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PYRRHIC DANCE
Form: Gr. Pyrriche.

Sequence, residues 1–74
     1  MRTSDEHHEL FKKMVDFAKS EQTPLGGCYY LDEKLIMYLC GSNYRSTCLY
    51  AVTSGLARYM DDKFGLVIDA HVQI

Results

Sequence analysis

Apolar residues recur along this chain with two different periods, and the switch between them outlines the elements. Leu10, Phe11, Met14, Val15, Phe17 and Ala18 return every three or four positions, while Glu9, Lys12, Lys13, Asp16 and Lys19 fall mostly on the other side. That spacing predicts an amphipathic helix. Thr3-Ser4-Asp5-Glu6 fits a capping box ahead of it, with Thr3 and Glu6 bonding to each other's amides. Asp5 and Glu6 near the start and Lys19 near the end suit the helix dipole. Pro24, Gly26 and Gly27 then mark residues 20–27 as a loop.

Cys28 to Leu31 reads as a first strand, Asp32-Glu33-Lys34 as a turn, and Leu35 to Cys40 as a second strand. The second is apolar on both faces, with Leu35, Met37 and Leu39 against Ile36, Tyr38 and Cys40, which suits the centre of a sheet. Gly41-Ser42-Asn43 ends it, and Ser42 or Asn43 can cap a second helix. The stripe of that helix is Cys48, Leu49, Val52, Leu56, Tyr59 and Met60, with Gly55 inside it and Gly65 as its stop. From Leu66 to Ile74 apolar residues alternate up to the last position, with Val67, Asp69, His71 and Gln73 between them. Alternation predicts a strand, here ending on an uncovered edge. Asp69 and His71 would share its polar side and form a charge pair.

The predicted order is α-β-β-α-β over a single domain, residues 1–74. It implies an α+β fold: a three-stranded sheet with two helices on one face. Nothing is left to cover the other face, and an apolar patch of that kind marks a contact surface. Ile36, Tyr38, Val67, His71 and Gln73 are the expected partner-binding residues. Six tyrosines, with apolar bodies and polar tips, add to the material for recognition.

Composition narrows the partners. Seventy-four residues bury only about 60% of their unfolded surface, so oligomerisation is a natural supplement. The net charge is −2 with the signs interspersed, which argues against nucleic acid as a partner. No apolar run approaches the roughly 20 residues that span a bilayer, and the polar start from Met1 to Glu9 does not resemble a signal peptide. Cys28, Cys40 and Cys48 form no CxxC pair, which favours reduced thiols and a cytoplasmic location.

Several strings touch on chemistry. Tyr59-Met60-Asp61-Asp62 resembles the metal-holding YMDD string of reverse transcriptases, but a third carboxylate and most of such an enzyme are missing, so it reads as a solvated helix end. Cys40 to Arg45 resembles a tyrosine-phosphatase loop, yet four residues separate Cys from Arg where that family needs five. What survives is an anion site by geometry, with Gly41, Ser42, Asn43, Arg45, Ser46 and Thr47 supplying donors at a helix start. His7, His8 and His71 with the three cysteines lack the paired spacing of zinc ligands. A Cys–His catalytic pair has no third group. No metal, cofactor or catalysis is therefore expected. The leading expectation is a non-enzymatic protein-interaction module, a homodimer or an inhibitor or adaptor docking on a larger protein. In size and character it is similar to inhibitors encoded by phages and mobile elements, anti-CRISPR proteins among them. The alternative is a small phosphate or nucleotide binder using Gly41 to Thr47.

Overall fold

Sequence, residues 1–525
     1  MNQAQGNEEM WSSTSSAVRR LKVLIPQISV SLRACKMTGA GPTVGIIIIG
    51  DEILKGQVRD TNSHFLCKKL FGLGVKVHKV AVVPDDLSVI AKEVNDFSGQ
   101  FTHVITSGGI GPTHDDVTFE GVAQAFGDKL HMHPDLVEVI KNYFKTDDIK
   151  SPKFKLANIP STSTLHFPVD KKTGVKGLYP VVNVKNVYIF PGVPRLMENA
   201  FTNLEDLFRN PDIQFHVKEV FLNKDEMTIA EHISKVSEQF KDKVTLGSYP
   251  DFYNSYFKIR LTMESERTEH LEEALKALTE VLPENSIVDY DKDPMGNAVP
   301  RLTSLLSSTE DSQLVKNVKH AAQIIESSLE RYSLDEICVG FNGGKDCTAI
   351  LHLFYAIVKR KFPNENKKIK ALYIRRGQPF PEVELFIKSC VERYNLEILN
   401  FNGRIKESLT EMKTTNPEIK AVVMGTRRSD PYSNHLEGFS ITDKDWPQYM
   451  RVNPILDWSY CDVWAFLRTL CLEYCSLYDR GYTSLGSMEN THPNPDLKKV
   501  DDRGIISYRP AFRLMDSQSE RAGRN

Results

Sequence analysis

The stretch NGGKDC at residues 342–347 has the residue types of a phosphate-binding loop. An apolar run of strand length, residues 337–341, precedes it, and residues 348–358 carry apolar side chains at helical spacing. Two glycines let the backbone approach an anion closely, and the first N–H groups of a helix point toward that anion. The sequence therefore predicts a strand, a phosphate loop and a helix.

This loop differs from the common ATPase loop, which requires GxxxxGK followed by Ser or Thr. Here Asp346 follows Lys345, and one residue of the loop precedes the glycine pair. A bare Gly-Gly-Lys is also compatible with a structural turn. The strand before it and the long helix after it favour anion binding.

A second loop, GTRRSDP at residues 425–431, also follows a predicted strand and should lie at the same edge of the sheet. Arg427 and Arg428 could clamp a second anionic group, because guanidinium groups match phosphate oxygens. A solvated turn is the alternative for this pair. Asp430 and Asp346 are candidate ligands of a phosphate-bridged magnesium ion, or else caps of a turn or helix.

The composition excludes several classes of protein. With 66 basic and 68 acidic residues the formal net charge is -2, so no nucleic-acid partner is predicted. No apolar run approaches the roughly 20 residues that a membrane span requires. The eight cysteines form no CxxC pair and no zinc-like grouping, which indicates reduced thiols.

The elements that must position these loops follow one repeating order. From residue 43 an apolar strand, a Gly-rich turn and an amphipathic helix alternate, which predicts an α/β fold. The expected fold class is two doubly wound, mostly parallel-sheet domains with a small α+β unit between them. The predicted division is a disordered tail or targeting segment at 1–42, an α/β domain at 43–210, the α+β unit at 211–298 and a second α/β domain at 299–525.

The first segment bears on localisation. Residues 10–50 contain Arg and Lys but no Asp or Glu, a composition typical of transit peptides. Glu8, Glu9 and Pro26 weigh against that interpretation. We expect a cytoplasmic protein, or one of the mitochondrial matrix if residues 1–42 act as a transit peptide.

A mimic war-dance among the Greeks, representing attack and defence in battle. It originated with the Dorians in Crete, who traced it back to the Curetes, and in Sparta, where it was traced to the Dioscuri. In Sparta where boys of five years old were trained for it, it formed a chief part of the festival of the Gymnopoedia. The war-dance performed at Athens at the Panathenaic festival celebrated Athene as the victor over the Giants. In the Roman imperial times the Pyrrhic dance was a kind of dramatic ballet, which was performed by dancers, male and female, and represented (like the Roman pantomime) mythological subjects, taken frequently from the legend of Dionysus, such as the march of the god against the Indians, the doom of Pentheus, but also from other sources, such as the judgment of Paris and the fate of Icarus. For these performances the emperors frequently brought to Rome from Asia, the home of this dance, boys and girls of noble birth; but there wore also dancers, male and female, who were brought up to it as a regular trade. At times the Pyrrhic dance was performed in the amphitheatre by criminals especially trained for this purpose.
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